Geodes are fascinating geological formations that are filled with crystals and minerals, making them a favorite of rock collectors and nature enthusiasts. In Kansas, geodes can be found in several locations that we have explored.
We scoured the guaranteed places to find geodes in Kansas, including Walnut River, Lone Star Quarry, Cottonwood Creek Trego, and the counties of Trego, Wallace, and Geary to provide you with detailed information on each of them, including what types of geodes can be found there.
Whether you are a seasoned rock collector or a curious amateur, hunting for geodes in our state is an adventure that you wouldn’t want to miss. Join us as we explore the hidden wonders of our fascinating state and discover the beauty that lies beneath the surface!
What Are Kansas Geodes?
Geodes are geological formations that are formed when minerals and other substances are deposited in the hollow cavities of rocks. These cavities can be created by a variety of natural processes, such as volcanic activity, sedimentation, or erosion. Kansas’ rich and unique geology is just right for geode formation!
When you cut a geode open, it reveals a sparkling array of crystals, minerals, and other materials within it (just look at the photo!). The colors and types of crystals found inside a geode can vary widely depending on the specific mineral deposits present in the surrounding rock. That’s why many people enjoy finding and digging for geodes!
To help make your geode hunting successful, visit this simple guide on how to spot a geode that we’ve put together.
The Types Of Geodes Found In Kansas
There’s a diverse range of this natural wonder’s varieties throughout the world, and its type determines the price of a geode. Several types are commonly found in Utah, such as:
- Calcite geodes
- Chalcedony geodes
- Quartz geodes
The Best Places To Find Geodes in Kansas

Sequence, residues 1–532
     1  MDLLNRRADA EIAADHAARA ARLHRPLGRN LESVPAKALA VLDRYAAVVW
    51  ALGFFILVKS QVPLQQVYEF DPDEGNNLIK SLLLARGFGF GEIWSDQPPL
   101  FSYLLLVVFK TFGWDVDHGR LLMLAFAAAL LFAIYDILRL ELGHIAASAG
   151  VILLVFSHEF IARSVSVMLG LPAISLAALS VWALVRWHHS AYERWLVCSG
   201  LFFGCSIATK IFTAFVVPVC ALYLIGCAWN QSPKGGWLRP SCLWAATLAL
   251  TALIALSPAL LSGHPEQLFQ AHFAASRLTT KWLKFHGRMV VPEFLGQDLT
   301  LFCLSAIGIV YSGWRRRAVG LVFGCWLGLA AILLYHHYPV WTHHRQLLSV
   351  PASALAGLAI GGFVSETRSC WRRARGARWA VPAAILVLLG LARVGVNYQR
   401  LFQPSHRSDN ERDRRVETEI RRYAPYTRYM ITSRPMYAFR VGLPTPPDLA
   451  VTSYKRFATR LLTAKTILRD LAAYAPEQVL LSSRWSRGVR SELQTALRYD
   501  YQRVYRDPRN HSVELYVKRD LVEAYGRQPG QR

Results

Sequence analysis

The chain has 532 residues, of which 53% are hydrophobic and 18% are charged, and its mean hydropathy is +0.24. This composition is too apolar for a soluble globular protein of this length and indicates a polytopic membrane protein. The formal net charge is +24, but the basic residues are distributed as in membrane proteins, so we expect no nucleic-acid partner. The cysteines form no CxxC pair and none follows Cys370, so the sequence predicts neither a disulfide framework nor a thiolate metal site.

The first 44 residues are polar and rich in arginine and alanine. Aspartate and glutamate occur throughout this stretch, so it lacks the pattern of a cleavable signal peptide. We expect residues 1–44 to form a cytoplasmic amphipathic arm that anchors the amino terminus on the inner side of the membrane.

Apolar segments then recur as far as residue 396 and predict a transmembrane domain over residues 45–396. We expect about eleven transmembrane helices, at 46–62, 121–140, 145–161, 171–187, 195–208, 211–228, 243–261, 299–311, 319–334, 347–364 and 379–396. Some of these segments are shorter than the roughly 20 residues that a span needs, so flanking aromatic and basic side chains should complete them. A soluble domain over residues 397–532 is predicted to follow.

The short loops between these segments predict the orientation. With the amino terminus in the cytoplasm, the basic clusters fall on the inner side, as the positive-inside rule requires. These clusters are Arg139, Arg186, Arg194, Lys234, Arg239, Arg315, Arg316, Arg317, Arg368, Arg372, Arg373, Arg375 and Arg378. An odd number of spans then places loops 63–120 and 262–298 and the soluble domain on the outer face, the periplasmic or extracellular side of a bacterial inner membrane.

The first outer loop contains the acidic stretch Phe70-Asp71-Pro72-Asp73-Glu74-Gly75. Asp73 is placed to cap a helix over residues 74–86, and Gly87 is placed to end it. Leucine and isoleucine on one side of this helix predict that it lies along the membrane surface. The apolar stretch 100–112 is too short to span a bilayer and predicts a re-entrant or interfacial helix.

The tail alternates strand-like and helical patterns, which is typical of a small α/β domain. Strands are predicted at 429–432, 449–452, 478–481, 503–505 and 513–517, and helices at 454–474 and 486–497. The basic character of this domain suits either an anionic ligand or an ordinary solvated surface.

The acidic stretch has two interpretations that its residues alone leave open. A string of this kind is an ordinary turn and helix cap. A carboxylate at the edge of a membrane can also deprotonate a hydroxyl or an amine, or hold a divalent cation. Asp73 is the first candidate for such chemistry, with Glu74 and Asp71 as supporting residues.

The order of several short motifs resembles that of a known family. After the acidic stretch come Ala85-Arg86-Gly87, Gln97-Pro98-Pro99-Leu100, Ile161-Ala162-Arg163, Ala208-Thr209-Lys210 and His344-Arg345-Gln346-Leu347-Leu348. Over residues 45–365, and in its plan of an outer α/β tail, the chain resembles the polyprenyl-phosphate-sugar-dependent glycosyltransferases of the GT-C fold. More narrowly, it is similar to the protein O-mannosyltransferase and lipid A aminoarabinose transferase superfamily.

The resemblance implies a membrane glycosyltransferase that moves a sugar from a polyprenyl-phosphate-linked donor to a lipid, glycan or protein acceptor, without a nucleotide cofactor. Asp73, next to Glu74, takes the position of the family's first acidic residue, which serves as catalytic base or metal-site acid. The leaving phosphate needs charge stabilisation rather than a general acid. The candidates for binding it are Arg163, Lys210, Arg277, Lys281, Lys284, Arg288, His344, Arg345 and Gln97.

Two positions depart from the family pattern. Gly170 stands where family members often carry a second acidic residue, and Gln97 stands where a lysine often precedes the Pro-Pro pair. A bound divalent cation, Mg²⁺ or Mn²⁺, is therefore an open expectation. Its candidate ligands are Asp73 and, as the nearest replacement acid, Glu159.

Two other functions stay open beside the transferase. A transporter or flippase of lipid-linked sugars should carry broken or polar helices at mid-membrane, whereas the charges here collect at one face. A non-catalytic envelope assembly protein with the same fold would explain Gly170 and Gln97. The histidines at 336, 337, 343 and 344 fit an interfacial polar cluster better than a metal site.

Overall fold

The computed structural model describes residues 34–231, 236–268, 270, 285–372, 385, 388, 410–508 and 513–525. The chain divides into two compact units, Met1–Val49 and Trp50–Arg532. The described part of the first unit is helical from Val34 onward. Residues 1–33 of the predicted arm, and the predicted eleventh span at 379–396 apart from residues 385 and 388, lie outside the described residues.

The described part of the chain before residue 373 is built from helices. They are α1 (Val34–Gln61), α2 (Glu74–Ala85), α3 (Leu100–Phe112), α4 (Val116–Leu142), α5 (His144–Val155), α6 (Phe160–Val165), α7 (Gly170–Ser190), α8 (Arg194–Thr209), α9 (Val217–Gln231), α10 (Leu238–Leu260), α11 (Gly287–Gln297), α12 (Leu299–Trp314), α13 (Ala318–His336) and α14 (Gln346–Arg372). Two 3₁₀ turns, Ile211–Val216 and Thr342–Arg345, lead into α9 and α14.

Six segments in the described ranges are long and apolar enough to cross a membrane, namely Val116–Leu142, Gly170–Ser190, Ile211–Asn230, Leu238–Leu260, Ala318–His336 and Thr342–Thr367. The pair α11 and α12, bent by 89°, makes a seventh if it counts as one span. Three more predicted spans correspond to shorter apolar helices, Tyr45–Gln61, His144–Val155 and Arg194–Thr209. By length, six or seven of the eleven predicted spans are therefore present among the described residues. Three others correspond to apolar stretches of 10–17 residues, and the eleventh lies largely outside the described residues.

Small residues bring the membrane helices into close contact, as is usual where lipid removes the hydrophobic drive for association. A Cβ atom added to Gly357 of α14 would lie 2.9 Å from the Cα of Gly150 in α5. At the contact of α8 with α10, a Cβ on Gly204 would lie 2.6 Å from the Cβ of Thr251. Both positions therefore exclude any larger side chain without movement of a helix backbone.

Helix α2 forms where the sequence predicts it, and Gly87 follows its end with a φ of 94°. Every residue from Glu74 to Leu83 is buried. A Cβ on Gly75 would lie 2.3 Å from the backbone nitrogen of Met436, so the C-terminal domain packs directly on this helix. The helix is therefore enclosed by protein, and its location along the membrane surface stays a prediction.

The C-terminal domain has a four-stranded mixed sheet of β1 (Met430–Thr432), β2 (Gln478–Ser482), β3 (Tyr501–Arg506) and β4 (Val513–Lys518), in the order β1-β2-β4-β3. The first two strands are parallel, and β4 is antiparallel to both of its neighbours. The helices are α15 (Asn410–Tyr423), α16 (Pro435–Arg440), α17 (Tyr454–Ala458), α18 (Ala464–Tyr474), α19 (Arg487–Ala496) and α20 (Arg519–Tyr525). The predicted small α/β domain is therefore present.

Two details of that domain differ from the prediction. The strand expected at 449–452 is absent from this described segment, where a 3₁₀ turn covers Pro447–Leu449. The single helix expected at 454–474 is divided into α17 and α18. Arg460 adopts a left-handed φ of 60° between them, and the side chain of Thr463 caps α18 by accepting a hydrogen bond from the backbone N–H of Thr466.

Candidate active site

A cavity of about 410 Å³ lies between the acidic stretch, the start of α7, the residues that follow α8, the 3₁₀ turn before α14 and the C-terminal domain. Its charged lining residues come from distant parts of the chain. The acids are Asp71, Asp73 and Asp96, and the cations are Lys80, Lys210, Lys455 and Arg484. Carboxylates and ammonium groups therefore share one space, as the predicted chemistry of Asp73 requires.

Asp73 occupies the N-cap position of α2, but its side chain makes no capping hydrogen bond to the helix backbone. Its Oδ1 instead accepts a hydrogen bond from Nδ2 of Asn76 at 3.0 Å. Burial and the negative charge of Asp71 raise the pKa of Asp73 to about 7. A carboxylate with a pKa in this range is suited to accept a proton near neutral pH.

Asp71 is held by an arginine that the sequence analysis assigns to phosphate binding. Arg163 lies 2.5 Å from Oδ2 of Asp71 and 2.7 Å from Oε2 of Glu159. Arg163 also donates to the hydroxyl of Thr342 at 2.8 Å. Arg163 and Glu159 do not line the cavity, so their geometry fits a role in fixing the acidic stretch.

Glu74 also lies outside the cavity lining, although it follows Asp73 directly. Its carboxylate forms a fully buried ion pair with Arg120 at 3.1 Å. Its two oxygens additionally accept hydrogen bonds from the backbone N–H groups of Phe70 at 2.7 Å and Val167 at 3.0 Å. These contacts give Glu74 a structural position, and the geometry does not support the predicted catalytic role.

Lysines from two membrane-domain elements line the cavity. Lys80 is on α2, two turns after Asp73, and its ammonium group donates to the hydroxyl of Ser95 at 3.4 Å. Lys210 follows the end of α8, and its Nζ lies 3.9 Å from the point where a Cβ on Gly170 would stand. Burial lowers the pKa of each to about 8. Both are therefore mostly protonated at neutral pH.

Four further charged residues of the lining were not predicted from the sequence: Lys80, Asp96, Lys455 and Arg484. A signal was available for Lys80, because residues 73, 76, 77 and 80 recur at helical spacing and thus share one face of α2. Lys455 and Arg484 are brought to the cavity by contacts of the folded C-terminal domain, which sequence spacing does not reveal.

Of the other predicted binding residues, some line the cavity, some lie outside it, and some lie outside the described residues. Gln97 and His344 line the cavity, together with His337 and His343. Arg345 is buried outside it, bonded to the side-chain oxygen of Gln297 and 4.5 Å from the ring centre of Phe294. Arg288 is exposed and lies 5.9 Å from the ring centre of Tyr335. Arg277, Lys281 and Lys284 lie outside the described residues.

You might already be familiar with the exceptional gem mining sites in Kansas, but not all of them are home to geodes, too. The locations we’re revealing to you below are guaranteed to contain geodes!
Walnut River flows for about 154 miles through some of the most beautiful countryside you’ve ever seen. The river starts in Butler County and meanders its way through the Flint Hills region before joining up with the Arkansas River.
The terrain around this river is something else! It has rocky cliffs, sandy banks, and lush forests all coexisting together. And the geology of the area is pretty cool, too. You can find different kinds of rocks, fossils, geodes, and other neat stuff if you know where to look.
Lucky for you, this area is easily accessible from several major highways, and there are plenty of parking areas and boat ramps along the river’s edge. But before you go here and bring home any of your finds, make sure to check the latest collecting guidelines of Kansas.
Where we found geodes at Walnut River
You can find different kinds of geodes, mostly Calcite geodes, in the breaks and cut banks along the Walnut River. This river is in the south section of the Flint Hills of David City.
The tools every geode hunter will need
When you're out looking for geodes having the right tools for the job is very important. You don't need a lot for most trips but there are a handful that are critical and will make your life a lot easier.
We get asked a lot about the equipment we use. Over the years we've found a handful of tools that we recommend to both new and experienced geode hunters which we outline in great detail in our complete rockhounding tools and kit guide. These are quality options that also happen to be relatively inexpensive.